More poignantly, the only option left for the children of the proletariat to explore is the federal university system where fees are heavily subsidized, facilities fairly guaranteed and quality, relatively sure. This explains the reason for the survival of the fittest competition to gain admission to federal universities including Ibadan, Nsukka, Zaria, Ife, Ilorin, and Lagos among others.

For instance, at the university of Ibadan (UI) which is the first and the best university in the country, every admission year is an epic battle. An average of 50,000 candidates usually contest for admission capacities of about 3,500. The reasons are obvious: tuition fee is cheap, quality is guaranteed, but the access is tough. Those who manage to secure admission to UI are considered as extremely lucky.
But now, there is a conundrum! The current economic tornado in the country appears to be hitting the 67 years old indisputable primus inter pares university hard. The system is groaning and writhing with financial nightmare that racks rigorously. This challenge, however, is not unconnected with the fall in the prices of crude oil, which is the mainstay of the federal government – the proprietor of the university. The UI, which had really enjoyed the benefits of “first born” in the 60s and 70s when there was oil boom, is today gasping for financial breath.

Since last December, the UI Vice Chancellor, Prof Abel Idowu Olayinka has been having it rough, contending albeit stoically, with paucity of funds to run the university. As a result of inadequate funding from the government, staff members under the aegies of different unions, saved Academic Staff Union of Universities (ASUU) had confronted him. Why? Some allowances and full salary could not be paid following the shortfall in the personnel cost received from the government.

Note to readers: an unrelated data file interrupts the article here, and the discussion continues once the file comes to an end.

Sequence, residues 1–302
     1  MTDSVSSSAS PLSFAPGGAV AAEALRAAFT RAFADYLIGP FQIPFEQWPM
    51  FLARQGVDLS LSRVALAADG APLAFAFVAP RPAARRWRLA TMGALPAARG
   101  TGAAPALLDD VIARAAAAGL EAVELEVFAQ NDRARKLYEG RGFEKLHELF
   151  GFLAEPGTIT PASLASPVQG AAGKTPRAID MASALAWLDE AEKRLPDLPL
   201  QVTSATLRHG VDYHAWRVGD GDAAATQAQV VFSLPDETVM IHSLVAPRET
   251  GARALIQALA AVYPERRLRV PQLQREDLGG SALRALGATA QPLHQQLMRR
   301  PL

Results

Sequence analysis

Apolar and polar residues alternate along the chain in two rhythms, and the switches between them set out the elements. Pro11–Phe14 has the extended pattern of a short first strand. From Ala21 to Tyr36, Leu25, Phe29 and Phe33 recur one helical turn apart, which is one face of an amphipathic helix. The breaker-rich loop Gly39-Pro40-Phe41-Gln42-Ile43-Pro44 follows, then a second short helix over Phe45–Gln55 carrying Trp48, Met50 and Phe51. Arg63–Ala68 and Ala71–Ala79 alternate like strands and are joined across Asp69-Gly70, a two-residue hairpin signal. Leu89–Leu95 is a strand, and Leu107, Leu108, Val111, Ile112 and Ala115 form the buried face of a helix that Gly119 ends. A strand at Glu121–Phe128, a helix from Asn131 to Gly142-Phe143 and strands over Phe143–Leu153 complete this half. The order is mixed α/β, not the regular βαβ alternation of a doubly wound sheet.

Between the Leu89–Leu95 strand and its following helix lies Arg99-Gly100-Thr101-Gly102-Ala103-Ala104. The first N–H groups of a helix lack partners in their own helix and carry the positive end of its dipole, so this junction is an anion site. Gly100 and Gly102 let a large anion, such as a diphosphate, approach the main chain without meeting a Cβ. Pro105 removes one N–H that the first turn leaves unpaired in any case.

As financial resources of the university get plummeted, the fortunes seem dwindle, municipal services such, as water and electricity could not be supplied regularly. Those who are socially discerning and sociologically perceptive can only glimpse the multiplier effect. Students soon kicked. Their murmuring snowballed into protest. Pronto! The university was shut down on Tuesday April 26.

However, while recently addressing parents and other stakeholders on the challenges facing the university, Prof. Olayinka did not hesitate to cite poor funding as the ample of discord in the university. In his words, “the crisis in this university since December last year has to do with allocation of scarce resources. We usually receive two types of grants from the government: personnel cost and capital projects fund. Since December, we have been having a shortfall of about N100million in personnel cost. The amount received from government can only pay 92 percent of the salary. Some workers insist that the university must pay in full. Where are we going to get more money?”